The second major misconception that afflicts ace spectrum individuals is the presumption that lack of or minimal sexual attraction equals a lack of interest in either relationships or sex. This is categorically not true. There is an important distinction to be noted between different types of attraction. Sexual attraction denotes an attraction on the basis of sexual desire, whilst romantic attraction is attraction on the basis of romance outside of sex. Whilst for many sexual and romantic attractions will exist in tandem, for others it does not. As Sarah, a 23 year old lesbian asexual cis woman puts it “asexual doesn’t mean aromantic, I’m a very romantic person”. Therefore, a person who experiences no sexual attraction may still experience romantic attraction and desire a romantic relationship. 


Photo by Alessandrobiascioli

With regards to sex, for some ace spectrum individuals, it is not something they ever wish to partake in, however others may have sex both within relationships and outside of them. As eloquently described by one of our survey respondents, SJ, 24 who identifies as asexual and agender, “It’s about attraction not action”, meaning sexual actions are not necessarily dictated by sexual attraction or lack thereof. In our survey, a number of respondents reported the harmful impact of these presumptions around sex. Lisa, a 34 year old cisgender woman described to us how the social expectation of sex can cause significant anxiety when starting a new relationship. This is something that is intensified by experiences of some ace people of it being forced upon them to prove a point. Even for ace individuals in established relationships, they can face completely inappropriate conduct from others. For Danielle, a 22 year old non-binary person, this ranged from being told they are selfish for not having sex with their partner to it being suggested that their partner will get their sexual needs met elsewhere. These statements can be recognised as wildly inappropriate to say to anyone, and yet they seem to be commonplace in the lived experiences of ace spectrum people. This is why these misconceptions matter, because the results are not only ignorant, cruel comments, but they potentially put ace people in harm's way of physical violence.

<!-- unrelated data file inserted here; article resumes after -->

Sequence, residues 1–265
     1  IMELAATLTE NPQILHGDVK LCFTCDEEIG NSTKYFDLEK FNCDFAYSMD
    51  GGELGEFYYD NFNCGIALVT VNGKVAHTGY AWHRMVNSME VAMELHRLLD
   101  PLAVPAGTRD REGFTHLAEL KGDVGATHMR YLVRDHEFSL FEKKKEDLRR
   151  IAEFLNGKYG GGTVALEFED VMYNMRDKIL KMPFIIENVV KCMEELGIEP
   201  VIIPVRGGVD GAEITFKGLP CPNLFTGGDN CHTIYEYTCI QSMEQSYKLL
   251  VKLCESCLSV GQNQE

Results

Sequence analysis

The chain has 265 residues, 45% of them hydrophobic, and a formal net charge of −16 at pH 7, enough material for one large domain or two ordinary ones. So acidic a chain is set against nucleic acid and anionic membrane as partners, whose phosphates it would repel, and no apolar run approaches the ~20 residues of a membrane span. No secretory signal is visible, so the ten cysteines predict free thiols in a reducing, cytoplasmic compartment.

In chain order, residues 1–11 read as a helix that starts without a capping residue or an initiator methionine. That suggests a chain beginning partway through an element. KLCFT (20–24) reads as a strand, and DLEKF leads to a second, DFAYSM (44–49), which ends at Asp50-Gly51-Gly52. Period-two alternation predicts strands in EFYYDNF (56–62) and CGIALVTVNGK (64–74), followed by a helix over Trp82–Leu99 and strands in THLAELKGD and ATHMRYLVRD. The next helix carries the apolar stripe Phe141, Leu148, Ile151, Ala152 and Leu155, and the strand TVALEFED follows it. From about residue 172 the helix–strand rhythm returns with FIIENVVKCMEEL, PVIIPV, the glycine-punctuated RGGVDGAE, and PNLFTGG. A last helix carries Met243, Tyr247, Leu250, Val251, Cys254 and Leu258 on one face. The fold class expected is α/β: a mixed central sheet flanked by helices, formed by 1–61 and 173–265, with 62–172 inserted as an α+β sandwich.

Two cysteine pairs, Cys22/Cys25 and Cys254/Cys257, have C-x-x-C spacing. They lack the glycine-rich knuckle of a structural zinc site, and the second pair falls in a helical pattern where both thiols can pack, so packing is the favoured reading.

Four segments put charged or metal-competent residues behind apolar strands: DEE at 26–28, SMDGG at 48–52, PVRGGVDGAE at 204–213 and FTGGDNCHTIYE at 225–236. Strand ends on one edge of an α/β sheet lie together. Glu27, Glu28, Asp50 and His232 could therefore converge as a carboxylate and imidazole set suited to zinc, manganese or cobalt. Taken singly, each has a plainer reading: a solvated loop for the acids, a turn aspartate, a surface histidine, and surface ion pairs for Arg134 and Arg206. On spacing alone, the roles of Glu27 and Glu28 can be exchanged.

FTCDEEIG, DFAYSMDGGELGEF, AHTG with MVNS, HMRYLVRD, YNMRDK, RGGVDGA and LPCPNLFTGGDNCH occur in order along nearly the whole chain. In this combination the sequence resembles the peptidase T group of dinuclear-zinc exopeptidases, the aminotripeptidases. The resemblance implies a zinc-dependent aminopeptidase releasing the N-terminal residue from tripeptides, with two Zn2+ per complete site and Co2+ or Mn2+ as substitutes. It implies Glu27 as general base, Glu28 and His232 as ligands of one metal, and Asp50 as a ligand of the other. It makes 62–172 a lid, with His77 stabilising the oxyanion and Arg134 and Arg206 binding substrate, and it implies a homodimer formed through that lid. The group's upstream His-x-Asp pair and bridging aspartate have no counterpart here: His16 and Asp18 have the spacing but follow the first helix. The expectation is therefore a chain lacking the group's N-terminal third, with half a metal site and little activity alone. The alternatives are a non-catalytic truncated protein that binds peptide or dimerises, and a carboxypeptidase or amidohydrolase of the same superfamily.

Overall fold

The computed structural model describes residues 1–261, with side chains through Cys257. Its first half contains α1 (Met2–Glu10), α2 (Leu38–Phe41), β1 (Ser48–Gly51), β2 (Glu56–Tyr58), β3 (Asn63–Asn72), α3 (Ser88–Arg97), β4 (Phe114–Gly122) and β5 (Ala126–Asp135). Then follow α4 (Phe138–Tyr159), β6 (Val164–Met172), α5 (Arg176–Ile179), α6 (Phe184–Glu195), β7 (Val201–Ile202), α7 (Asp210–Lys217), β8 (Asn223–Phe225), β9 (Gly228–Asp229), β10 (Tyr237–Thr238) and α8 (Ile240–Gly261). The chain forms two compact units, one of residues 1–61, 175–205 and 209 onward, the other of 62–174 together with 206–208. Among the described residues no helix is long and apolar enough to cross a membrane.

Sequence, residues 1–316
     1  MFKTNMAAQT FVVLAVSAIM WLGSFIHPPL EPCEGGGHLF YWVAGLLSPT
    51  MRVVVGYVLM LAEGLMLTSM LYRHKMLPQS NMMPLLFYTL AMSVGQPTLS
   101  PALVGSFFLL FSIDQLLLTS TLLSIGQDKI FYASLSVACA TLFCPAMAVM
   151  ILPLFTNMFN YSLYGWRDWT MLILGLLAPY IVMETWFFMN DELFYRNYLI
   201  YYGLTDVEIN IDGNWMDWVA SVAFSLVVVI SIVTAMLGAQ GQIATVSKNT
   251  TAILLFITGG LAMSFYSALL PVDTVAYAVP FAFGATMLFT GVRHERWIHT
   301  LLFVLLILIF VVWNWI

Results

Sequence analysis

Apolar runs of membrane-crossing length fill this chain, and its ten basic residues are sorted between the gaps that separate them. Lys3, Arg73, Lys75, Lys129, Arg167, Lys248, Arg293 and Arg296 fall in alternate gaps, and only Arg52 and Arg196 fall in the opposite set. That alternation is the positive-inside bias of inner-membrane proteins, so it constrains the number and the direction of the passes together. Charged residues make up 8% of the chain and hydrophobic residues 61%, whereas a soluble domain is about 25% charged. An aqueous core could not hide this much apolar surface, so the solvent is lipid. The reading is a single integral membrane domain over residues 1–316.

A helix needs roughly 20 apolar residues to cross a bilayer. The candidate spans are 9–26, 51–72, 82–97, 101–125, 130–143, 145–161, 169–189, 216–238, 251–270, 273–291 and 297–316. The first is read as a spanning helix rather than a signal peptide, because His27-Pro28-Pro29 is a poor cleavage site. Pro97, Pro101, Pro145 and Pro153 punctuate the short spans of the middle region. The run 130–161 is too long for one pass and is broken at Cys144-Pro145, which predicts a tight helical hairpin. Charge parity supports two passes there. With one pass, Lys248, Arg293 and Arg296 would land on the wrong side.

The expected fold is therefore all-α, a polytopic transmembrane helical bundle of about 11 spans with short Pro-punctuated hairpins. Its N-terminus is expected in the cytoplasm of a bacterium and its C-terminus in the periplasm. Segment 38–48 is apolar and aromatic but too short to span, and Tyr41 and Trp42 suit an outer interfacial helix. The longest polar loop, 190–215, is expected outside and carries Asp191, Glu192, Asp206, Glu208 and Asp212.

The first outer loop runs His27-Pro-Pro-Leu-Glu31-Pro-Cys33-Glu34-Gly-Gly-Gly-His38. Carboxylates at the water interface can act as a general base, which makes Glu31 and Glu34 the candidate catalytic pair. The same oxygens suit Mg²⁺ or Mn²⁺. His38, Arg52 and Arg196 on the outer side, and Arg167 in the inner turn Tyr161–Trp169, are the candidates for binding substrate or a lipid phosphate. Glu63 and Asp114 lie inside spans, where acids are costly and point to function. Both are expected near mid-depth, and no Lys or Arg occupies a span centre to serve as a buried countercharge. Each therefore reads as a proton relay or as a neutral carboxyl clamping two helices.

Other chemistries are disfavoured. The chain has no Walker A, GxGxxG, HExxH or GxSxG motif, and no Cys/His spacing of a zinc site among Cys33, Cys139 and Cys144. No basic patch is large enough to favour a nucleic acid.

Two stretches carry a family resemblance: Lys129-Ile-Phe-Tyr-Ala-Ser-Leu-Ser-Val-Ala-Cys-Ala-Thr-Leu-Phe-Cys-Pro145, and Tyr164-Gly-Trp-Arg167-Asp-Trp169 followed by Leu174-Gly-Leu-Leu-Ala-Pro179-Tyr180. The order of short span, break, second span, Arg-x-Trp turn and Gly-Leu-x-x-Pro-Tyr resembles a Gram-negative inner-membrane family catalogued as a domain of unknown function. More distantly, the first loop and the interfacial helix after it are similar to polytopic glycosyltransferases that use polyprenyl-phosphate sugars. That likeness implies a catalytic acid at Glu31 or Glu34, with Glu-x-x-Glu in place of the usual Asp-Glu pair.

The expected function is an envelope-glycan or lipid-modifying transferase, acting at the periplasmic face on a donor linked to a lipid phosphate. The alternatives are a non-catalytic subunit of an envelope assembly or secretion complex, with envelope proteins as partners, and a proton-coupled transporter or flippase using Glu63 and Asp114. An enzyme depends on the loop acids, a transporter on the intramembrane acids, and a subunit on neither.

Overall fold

It’s about attraction not action.

The apparent acceptability of such comments is due to the fact that asexuality is a widely infantilised sexual orientation. In the same vein of parents telling a child to try a new food, there is a lack of understanding of how one “could not like sex if they’ve never tried it”. It is assumed that asexual people are actually just sexually naive or childish, hence the belief that having sex would somehow change their mind. This is not only a highly dangerous belief but it is simply incorrect. As mentioned, a lack of sexual attraction is distinct from a lack of desire to engage in sexual activity, and for those ace individuals who do hold negative feelings towards sex, it still doesn’t indicate childishness, but rather stems from a component of their sexual orientation. As a result, a number of people who responded to our survey felt pressured to prove themselves. Either through being told they could possibly know if they are asexual because they haven’t had sex with the right person, as was the case for Melanie (36) or that they couldn’t possibly be asexual because they have sex, but as Tom, early 20s, describes “you can have sex and be ace, you can enjoy sex and be ace”. Fundamentally, asexual people do not owe anyone proof of their identity and should be able to exist and feel supported.